Orchard Spotlight: Indian Orchards in Media, PA

Posted on Categories Blog, Home, Orchard CareTags , , , , , , , , , , , ,
Four generations of Bernhardts stand in front of Indian Orchard’s historic barn-house

At Indian Orchards in Media, PA, orchard care is a family affair. The Bernhardt family, now in their fourth generation, manage the 104-year-old, 36-acre organic property which offers diverse picked, and you-pick plantings of blackberries, raspberries, apples, plums, apricots, peaches, and more, along with seasonal offerings like cider, jams, hollies, and Christmas trees.

The property, tucked off of Rt. 352 in Delaware County just 30 minutes from Philadelphia, is a vestige to carefully tended farm traditions that evolve over time, like a cherished recipe, or rows of decades-old burled trees overlooking newly planted ones, yet still to set out fruit.

POP orchardists toured the site as part of Pennsylvania Association for Sustainable Agriculture’s (PASA) springtime series to learn about Indian Orchards’ unique history, preservation, and care practices. The property dates back as early as 1794 with the historic barn-house from that time still standing. During the Japanese American War in the early 1940s, the property became a refuge and a place to establish livelihood for formerly interned Japanese, who worked picking fruit in the orchard. In 1981, the property became officially protected as a historic property with the Middle Township Land Conservancy.

Son Ben and father Bob share their experiences growing different varieties of peaches

Current caretaker Ben Bernhardt, and parents Nancy and Bob led the group through the site’s winding terraces and shared anecdotes about their favorite fruit varietals and what they’ve learned over the years.

Even with a productive orchard as theirs, which leaves little remaining fruit for cider-making (they produce a humble 70 gallons a year) the orchard has only ever been managed part-time. The plantings are hand-tended and pruned, and on occasion, hand-sprayed with organic pest and disease controls against some of their most common pests and diseases like Japanese beetle, bagworm, fire blight, milky spore, scale, and brown rot.

Sometimes, on the very rare occasion, more strident mechanical measures are taken, as Bob Bernhardt, recounted jokingly. “Once we had an old apple tree that wasn’t producing much anymore…and my father went up to the tree with a chain saw and told the tree it might have to be cut down. It fruited the next year.”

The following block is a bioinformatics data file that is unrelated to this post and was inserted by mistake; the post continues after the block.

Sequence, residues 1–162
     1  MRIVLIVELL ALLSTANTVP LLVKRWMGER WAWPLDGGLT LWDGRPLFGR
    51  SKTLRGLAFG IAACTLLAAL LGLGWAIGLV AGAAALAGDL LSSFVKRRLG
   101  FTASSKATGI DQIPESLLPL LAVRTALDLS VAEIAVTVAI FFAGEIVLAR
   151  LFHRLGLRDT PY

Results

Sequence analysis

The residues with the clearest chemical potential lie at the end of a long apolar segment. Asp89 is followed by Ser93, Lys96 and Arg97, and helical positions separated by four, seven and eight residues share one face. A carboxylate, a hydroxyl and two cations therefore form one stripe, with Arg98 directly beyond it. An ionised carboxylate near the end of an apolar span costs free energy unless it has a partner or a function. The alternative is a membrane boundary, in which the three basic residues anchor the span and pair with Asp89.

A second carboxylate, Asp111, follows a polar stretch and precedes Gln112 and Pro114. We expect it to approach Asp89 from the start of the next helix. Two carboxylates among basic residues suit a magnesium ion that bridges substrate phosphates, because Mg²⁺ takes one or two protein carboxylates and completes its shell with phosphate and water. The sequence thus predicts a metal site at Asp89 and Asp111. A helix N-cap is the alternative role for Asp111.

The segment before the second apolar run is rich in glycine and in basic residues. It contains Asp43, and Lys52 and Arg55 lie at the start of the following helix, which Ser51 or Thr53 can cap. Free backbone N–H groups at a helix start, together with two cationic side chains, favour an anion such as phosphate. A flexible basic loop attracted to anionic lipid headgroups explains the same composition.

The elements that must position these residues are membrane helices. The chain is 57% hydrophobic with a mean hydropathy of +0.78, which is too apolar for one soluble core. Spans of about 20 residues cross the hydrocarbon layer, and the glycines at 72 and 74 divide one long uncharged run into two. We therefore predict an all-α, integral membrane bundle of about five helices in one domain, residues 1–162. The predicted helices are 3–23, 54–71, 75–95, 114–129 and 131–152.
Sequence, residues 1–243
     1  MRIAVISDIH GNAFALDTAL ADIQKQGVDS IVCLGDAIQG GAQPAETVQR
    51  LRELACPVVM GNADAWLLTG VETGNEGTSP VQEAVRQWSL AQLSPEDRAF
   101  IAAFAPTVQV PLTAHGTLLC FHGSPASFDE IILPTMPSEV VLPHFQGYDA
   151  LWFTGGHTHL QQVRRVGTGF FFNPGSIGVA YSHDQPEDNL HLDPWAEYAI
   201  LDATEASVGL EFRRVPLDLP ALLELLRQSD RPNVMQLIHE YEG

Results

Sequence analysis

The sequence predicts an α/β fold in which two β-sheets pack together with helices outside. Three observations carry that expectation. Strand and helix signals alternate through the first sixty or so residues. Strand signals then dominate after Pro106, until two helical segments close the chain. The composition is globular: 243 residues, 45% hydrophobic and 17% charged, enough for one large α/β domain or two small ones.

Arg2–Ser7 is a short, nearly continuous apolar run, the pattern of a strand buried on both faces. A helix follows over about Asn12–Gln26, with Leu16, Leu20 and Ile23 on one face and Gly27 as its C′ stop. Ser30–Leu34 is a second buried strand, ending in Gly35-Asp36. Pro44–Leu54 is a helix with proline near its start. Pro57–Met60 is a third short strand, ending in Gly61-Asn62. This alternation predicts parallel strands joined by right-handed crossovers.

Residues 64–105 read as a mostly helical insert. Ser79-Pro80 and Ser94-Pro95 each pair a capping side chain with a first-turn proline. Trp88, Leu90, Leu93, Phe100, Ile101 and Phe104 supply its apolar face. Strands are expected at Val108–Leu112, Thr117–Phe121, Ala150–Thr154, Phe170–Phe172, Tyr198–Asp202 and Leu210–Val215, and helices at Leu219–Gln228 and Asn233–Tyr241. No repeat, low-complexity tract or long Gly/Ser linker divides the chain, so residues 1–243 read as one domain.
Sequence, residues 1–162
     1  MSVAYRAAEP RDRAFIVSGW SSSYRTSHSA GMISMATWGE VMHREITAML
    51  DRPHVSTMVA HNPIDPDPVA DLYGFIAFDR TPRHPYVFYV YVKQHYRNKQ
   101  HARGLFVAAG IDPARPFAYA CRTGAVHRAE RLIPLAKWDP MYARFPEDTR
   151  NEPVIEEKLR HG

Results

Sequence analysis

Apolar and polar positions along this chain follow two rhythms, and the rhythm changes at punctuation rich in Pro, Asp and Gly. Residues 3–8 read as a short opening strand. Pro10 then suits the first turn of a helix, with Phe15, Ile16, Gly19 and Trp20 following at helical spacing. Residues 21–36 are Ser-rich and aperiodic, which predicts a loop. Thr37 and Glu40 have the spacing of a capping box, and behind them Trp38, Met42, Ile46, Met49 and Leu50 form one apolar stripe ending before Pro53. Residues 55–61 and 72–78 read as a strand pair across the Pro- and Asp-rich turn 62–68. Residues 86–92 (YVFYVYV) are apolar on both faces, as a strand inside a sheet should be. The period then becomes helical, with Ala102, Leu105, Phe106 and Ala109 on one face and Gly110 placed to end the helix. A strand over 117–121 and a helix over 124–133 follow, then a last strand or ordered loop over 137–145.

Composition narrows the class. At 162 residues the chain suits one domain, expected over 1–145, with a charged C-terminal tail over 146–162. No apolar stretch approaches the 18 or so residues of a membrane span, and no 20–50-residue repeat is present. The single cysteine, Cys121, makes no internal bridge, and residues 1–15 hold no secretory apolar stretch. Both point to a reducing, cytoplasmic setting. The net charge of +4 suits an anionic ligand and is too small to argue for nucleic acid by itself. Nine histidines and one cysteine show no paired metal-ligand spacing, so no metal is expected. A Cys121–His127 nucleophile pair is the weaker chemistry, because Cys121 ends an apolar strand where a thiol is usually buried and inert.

Fruit tree ultimatums are not common practice, however. Rather, the caretakers seem to hold a deep reverence toward their plantings with a flexibility that involves a great deal of interplanting and experimentation with varieties.

Smartnet affixed to hardwood posts helps protect Indian Orchards’ blueberry crop from pecking birds

Blueberries, peaches, and apples are major crops for Indian Orchards. Among the 25 varieties of blueberries they plant, with some still producing well up into their 50th year, Ben favors ‘Duke,’ ‘Legacy,’ and ‘Liberty.’ ‘Duke’ flowers late yet ripens early, protecting the crop from early spring frost, and ‘Liberty,’ as Ben shared, produces fruit that is “out-of-this-world flavorful.”

The blueberry crops fruit from June through August, variety dependent, and are maintained with minimal seasonal pruning, and the addition of four inches of peat mulch each year to maintain the shrub’s acid-loving soil conditions. Because blueberries are well loved by birds, too, the family uses smartnet strung between hardwood posts to protect their crop.

A Pennsylvania heritage apple from the 1837, ‘Smokehouse’ produces firm fleshed apples that are ideal for cooking

Apples are equally as diverse in variety, age, and interplanting with top varieties being ‘Baldwin,’ ‘Enterprise,’ ‘Freedom,’ and ‘Rome,’ grafted upon M26 Geneva rootstock from 1976. The ‘Smokehouse’ variety with showy end-branch blossoming, is a historic Pennsylvania variety from 1837 that got its name from William Gibbons, who noticed the original tree growing beside his smokehouse. The tree produces a great cooking apple with firm flesh and skin green to red in color. It requires extra care, the Bernhardts said, to not prune away the fruit-producing spurs prematurely.

As for peaches, ‘White Lady,’ ‘Blushing Star,’ ‘John Boy,’ and ‘Flamin’ Fury’ reign supreme. ‘White Lady’ produces low acid fruit with a light red blush, that is well adapted to fluctuating spring conditions. ‘Flamin’ Fury’ varieties out of Michigan are popular for their resilience and long-growing period of 15 weeks. ‘John Boy’ produce large, firm fruits that are growing in popularity commercially for their resistance to bacterial spot.

In addition to their popular you-pick fruits, Indian Orchards also grows less known fruits like quinces, persimmons, Asian pears, and medlars, a winter fruit grown since Roman times that requires ‘bletting’ a process of controlled rotting to prime the fruit into delectable sweetness.